When people find out you’re quitting your job, they ask you what you’re going to next. When they find out you’re going to stay home, the first thing they seem to ask (in my recent experience) is, “Aren’t you going to be bored?”
This question always tells me that the speaker overestimates by a magnitude of many thousands the intellectual and spiritual stimulation provided by the average desk job; it also tells me they probably don’t have many hobbies, if they can’t imagine what a person would do all day at home; and they probably don’t know me very well. Frankly, I have been so busy since I retired, that I’ve had to force myself to learn where to stop in the evening, or on weekends, and I sleep the righteous sleep brought on by real physical labor every night these days; I get up at 7:15 to take the dogs out, give them their pills, and make’s Scott’s lunch, and I start yawning around 8:30-9. I’m superbusy, and it’s good. I feel so much better, my house looks better, and projects that have been sitting, neglected, for years are getting done.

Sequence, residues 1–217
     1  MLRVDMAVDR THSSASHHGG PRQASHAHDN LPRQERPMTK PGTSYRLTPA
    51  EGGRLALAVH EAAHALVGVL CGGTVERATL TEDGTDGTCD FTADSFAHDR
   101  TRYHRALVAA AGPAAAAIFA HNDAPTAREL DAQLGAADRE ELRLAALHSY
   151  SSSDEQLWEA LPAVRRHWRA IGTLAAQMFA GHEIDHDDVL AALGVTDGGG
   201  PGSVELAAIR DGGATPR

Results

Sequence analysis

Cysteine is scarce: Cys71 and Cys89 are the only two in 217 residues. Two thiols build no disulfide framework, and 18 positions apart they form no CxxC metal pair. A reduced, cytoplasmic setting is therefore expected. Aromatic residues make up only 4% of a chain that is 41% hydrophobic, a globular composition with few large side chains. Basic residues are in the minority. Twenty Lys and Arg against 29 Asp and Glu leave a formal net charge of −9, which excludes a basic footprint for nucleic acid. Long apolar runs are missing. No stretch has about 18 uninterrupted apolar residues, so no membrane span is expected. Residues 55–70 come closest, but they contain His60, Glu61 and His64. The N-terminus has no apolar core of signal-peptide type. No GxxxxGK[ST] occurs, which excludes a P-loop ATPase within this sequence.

So what have I been doing with myself these days?
Well, there’s the cooking, and the cleaning, and the laundry.
And then there’s the making of the bed three times a day, after the dogs mess it up…again. I will make it twice, and straighten it thrice more. After that, I give up, or I lock the dogs out of the bedroom.
So I am a chef, maid, contractor, interior decorator, personal shopper and errand runner, business manager, gardener, seamstress, laundress, musician, dog butler, researcher, and general handywoman and laborer. I’ve got major redecorating plans for the living room and my office, once I’ve finished (and recovered from) the bathroom project, plus I want to make a raised planting bed in the back yard. Come March, I’ll start doing a couple months’ contract work for my old company, too, an annual project that I’ve done for years and no one else really knows how (or wants) to do.
Bored? Not a chance.